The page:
LONDON, October 8 – Britain’s government Wednesday announced a part-nationalisation of the country’s eight main banks with a bailout worth up to 50 billion pounds (64 billion euros, 87 billion dollars).
The package also includes a 200-billion-pound credit line for banks including Royal Bank of Scotland, HSBC and Barclays, the Treasury said in a statement.
The government said it would use up to 50 billion pounds of taxpayers’ money to buy major stakes in the banks, which also include HBOS, Lloyds TSB, Standard Chartered, Abbey and Nationwide Building Society.
"Following discussions convened by HM Treasury major UK banks and the largest building society have confirmed their participation in a government-supported recapitalisation scheme," the statement said.
Finance minister Alistair Darling said that the move his Labour government was making was a bold measure in response to "extraordinary times."
He told Sky News: "The taxpayers’ interest is being protected. I’m very clear that in return for all this, the taxpayer has got to see some upside."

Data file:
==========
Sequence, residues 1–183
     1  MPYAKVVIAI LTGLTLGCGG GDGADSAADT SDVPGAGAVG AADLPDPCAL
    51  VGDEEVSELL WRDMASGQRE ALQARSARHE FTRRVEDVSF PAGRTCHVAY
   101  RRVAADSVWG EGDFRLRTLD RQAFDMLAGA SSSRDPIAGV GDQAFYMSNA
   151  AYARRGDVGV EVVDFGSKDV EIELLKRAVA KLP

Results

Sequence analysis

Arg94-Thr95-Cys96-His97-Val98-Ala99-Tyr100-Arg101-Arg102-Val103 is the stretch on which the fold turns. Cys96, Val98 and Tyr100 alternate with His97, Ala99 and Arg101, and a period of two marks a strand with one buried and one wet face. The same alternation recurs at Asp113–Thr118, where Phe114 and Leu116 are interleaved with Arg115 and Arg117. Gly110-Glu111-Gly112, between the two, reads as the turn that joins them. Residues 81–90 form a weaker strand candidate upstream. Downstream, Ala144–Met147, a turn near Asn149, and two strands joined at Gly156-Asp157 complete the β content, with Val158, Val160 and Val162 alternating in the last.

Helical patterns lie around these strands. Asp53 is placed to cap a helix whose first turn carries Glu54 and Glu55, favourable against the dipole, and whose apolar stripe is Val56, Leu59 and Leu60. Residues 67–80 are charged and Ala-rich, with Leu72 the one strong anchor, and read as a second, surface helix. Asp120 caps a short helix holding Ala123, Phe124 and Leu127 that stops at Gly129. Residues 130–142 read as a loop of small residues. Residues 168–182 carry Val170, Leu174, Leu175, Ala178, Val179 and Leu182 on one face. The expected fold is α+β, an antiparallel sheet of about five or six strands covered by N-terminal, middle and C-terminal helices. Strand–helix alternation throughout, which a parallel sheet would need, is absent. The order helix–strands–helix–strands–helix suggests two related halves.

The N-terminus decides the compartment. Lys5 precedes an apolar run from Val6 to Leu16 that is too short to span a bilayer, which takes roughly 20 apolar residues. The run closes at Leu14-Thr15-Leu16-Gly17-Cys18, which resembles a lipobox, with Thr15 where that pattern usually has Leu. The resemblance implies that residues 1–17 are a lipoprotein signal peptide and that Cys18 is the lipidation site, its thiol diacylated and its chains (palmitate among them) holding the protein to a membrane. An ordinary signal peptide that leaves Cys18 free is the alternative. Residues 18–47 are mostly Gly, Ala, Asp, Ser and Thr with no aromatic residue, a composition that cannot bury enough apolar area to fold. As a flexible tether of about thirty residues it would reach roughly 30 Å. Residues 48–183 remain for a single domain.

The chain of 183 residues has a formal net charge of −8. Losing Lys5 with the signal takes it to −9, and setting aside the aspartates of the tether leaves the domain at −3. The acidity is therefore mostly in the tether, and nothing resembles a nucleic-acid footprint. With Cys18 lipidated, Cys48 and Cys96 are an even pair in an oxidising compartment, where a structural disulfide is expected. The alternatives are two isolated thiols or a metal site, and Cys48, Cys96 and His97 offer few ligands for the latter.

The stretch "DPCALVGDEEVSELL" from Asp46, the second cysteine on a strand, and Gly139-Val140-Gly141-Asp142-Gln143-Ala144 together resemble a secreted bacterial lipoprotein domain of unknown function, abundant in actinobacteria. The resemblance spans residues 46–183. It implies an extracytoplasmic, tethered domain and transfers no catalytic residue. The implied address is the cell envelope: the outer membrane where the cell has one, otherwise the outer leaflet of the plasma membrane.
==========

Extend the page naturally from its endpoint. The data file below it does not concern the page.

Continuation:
Chancellor of the Exchequer Darling said he still did not "rule anything out" but he said the bailout package "will go a long way."
He denied that he had dithered, which critics say caused bank shares to plunge in London trading since Monday amid uncertainty over the government’s intentions.
"I wanted to announce it when the time was right, when we had got everything sorted out, we had a scheme that worked and the big banks were signed up to it," Darling said.
"And we actually finished these discussions only a few hours ago."
Shares in RBS, Barclays and Lloyds TSB had plummeted in trading Tuesday.
RBS, which owns NatWest, was worst-hit, plunging more than 39 percent, while Barclays was down just over nine percent and Lloyds TSB fell almost 13 percent.
Tuesday’s losses took the collapse in RBS’ stock to about 80 percent in the year since the credit crunch began with the collapse of the US subprime home loan market.
Just 12 months ago, RBS was riding high, leading a consortium in an attempted 100-billion-dollar takeover of Dutch bank ABN Amro.
London’s FTSE 100 index of top shares fell 1.64 percent to 4,529.64 points at the start of trading on Wednesday immediately after the announcement of the rescue plan.
Britain has already fully nationalised two British banks since the credit crunch began a year ago: Bradford and Bingley and Northern Rock.